Listening to “Tomboy” on the way to work this morning, I started thinking about how Radiohead and Panda Bear have both played the internet these past few weeks/months. I read a very good piece yesterday by Stephen Troussé, that’ll be in the next print edition of Uncut, about “The King Of Limbs” and what he calls “the re-enchantment of the album release.”

Listening to “Tomboy” on the way to work this morning, I started thinking about how Radiohead and Panda Bear have both played the internet these past few weeks/months. I read a very good piece yesterday by Stephen Troussé, that’ll be in the next print edition of Uncut, about “The King Of Limbs” and what he calls “the re-enchantment of the album release.”



Not wanting to steal all Stephen’s thunder or ideas, but he does talk a lot about Radiohead Week and the communal anticipation/gratification that came with “The King Of Limbs”’ release plot, a kind of modern upgrade of old-fashioned, pre-internet, pre-leak frenzy.

Panda Bear, though, has taken the opposite route with “Tomboy”, stretching the frenzy out over the best part of a year, exploiting the internet to present a kind of work in perpetual progress: playing the songs live, so that putative versions fill up Youtube; releasing most of the tracks as singles; repeatedly pushing the album release date back; then remixing the lot with Sonic Boom. Rather than a rapid surprise, it’s an epic tease – and Noah Lennox’s dense, elusive music is as suited as any to be showcased in a state of constant flux.

For more assiduous followers, I guess the actual arrival of “Tomboy” as a finished piece of work might be something of an anticlimax. But it’s evidence of my quaint attachment to albums over tracks that, fannishness notwithstanding, I haven’t felt compelled to keep up with the singles and leaks over the past few months. Apologies in advance, then, that I’m not in a position to compare these final, Sonic Boom-assisted versions with the earlier takes.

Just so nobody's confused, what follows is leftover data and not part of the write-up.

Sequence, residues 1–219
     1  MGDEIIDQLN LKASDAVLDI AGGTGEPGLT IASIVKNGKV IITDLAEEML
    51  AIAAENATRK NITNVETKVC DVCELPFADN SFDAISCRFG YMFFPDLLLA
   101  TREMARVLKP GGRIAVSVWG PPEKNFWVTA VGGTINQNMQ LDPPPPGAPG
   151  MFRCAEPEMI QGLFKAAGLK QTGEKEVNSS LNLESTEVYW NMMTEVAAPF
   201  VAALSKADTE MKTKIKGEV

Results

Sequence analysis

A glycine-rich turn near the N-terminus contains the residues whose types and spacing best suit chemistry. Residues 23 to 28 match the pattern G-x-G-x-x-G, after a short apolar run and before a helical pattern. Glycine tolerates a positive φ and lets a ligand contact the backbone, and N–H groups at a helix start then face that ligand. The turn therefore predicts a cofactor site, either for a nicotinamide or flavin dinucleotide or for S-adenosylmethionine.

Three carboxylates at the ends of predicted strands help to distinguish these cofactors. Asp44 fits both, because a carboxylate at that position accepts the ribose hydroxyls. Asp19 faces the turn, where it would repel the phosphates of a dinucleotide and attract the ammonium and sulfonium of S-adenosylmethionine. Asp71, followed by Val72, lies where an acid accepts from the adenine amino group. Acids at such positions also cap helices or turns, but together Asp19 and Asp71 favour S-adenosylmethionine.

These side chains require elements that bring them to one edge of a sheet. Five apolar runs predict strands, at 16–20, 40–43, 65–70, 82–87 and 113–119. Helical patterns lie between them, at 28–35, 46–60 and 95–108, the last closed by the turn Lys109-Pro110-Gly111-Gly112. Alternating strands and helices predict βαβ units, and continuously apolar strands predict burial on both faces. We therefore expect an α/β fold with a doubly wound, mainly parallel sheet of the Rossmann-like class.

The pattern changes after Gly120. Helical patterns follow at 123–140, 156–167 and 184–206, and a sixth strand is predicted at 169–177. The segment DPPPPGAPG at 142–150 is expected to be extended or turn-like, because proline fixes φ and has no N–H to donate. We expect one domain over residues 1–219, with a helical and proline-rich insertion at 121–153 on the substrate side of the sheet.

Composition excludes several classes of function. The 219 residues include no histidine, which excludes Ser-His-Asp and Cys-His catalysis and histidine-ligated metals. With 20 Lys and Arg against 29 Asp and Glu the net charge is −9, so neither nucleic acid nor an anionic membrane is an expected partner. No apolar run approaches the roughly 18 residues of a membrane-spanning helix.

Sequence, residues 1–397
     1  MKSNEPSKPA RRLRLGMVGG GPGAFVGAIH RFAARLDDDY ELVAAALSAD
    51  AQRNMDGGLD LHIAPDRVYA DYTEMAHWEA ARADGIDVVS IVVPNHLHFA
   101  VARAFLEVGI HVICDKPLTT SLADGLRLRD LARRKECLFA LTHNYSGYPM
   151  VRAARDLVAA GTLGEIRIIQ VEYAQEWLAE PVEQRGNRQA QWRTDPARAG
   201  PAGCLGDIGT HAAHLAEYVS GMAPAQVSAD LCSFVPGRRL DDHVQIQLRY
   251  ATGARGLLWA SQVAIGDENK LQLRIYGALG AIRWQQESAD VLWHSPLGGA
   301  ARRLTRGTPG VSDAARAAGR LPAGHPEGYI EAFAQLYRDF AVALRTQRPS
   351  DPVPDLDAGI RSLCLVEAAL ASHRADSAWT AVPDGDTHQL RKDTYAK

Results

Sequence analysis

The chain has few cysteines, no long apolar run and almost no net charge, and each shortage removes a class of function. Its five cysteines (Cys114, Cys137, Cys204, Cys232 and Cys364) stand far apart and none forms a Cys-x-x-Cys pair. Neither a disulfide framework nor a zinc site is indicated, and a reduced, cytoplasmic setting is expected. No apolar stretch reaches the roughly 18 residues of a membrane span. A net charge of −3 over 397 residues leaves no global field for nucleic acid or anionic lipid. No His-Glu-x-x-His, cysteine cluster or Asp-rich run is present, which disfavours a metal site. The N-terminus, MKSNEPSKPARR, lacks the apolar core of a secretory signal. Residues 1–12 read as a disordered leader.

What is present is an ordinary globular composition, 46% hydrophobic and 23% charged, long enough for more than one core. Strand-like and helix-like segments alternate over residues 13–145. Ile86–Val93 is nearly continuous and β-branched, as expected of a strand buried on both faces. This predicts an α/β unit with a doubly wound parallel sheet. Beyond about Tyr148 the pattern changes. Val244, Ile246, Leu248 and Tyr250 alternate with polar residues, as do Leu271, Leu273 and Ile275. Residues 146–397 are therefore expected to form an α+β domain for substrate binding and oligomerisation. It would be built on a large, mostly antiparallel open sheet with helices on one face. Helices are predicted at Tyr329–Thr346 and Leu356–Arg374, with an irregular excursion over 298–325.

In comparison to “Person Pitch”, though, the loops and samples have been much stripped back. This is still fanatically textured music, but the unsteadily shifting layers are closer to those of the Animal Collective rather than any of Lennox’s previous solo records: the glittering timelag accumulation of the lovely “Surfer’s Hymn”, for instance – Terry Riley re-upholsters “Pet Sounds”, glibly – would’ve sat pretty comfortably just after midway through “Merriweather Post Pavilion”.

Both Riley and The Beach Boys are reflex critical responses to Animal Collective and especially Panda Bear projects, of course. But more than ever, the latter seems glaringly pertinent: even if, on the waterlogged schaffel of “Slow Motion”, it occurs to me that Lennox is tonally closer to pinched Al Jardine than to Brian Wilson.

“Last Night At The Jetty”, “Benfica”, and “Friendship Bracelet”, again, feel like “Pet Sounds” songs dropped into a contemporary echo chamber. If some of AC/PB work has previously been easy to characterise as in some way infantilised, many of these songs capture a tentative, melancholy sweetness on the cusp of maturity; an age of pop defined so poignantly by Wilson.

Which reminds me: Lennox has never been involved in a poppier record. Beneath the trademark amniotic sloshing, there’s a melodic clarity and directness that’s more pronounced than ever, unmediated by Avey Tare’s more jarring aesthetic (must revisit his solo album, while I think about it). And for all their deference to adjusted ‘80s pop, it’s hard to think of one of Animal Collective’s chillwave/hypnagogic descendants – save Ariel Pink – who can be quite so accessible while at the same time synthesising such a pervasive air of dislocation, of otherness.

If there’s a caveat it may be that, in spite of all their innovations and pleasures, I suspect that there may soon come a time when Lennox and Animal Collective’s aerated schtick might start sounding a little played out to me. Not just yet, though.

Belying its public gestation, “Tomboy” feels like an impeccably constructed and complete album experience. But a clutch of songs still stand out as some of Lennox’s very best: “Scheherezade”, devotional ambient minimalism that feels like a technological upgrade of something from “Young Prayer”; and two relative bangers, “Afterburner” and the title track, which both harbour a sort of pulsating urgency, a saturated delirium, while somehow managing to keep the air of dazed solipsism that binds the album together. If you’ve been following the singles thus far, let me know how this tallies…